The paper said Merkel's Christian Democrats and their Bavarian allies were discussing raising the country's reduced VAT rate from 7 percent on certain things to the normal rate of 19 percent in order to help staunch Germany's surging deficit.
The lower rate currently applies to items such as food and the tax hike would add an estimated €14 billion to the government's coffers.
Citing parliamentary sources, Bild reported the conservatives were also mulling various combinations of raising the reduced rate while lowering the main VAT slightly to make it more palatable to voters.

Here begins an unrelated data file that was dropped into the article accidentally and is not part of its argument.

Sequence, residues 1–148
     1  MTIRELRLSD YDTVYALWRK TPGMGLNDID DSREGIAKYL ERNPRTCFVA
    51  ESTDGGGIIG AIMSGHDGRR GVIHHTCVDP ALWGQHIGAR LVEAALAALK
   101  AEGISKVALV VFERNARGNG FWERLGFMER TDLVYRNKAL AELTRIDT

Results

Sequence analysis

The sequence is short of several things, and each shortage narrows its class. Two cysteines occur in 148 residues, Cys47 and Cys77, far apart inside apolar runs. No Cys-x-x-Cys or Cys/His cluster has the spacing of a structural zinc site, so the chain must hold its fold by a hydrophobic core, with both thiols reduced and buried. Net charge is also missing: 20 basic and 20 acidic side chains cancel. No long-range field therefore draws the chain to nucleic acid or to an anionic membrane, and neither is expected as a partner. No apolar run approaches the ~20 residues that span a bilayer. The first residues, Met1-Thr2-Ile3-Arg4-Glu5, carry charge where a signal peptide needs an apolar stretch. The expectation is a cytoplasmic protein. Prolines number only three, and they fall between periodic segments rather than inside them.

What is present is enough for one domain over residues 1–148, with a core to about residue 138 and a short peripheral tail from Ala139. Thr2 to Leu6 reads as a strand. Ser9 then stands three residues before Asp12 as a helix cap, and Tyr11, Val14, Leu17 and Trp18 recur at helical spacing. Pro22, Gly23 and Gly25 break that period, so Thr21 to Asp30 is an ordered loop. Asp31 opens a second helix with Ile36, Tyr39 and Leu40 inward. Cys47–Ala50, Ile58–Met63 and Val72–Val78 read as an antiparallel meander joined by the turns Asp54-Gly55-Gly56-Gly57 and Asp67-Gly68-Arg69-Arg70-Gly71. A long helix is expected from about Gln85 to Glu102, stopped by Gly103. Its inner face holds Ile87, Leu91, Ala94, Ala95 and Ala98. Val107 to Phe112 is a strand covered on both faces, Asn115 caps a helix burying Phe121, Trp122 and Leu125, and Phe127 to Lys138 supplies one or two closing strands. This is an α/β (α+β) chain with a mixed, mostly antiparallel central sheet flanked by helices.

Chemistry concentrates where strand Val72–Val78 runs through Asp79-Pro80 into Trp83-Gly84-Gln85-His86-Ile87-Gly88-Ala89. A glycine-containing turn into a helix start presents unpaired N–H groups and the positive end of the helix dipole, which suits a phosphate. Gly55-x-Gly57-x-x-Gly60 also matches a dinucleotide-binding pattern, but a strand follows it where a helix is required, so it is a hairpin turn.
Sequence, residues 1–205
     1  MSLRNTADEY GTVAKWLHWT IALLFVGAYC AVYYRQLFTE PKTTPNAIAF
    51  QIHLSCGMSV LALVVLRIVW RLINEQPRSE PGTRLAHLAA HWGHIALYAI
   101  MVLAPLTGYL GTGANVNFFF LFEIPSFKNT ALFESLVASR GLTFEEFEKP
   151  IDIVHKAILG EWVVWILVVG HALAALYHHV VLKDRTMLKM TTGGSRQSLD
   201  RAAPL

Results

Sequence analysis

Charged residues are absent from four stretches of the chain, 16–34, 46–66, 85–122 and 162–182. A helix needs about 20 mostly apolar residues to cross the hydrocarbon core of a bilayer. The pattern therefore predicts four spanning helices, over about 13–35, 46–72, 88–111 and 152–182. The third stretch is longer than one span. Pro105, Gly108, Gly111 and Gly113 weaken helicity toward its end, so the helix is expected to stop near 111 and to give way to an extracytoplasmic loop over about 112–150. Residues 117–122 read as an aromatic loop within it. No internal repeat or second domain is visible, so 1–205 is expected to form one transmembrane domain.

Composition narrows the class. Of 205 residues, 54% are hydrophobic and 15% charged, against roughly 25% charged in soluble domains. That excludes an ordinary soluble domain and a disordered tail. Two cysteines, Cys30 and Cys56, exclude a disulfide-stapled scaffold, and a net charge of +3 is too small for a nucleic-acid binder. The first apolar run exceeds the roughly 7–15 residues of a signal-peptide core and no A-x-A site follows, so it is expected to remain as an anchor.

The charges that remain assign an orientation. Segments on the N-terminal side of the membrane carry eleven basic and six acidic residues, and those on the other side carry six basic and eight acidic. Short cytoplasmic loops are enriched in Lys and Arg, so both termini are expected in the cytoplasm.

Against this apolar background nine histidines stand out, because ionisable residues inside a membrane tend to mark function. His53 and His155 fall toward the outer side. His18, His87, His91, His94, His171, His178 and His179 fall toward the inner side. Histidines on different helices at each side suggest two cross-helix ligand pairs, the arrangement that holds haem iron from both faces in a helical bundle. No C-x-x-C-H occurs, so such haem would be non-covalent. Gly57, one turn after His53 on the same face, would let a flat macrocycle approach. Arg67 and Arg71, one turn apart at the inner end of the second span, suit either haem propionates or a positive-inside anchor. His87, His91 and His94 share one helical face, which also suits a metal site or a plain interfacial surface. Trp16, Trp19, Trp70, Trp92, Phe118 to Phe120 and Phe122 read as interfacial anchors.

The paper said a unified rate of 18 percent, that is increasing the lower rate by 11 percentage points while cutting the main rate to 18 percent, would still bring in an extra €7 billion in tax revenue.
Ronald Pofalla, the Christian Democratic Union's secretary general, denied the conservatives wanted to raise taxes: "This report is absolute nonsense."
However, the story in Bild is sure give ammunition to Merkel's political opponents in the run-up to this September's general election, since she was responsible for raising the VAT from 16 percent to 19 percent a few years ago.
Bild also reported the conservatives were considering cutting welfare benefits should they win the election this autumn.
"The cat is out of the bag: the poorest are to pay for the crisis," said Oskar Lafontaine, the head of the socialist party The Left.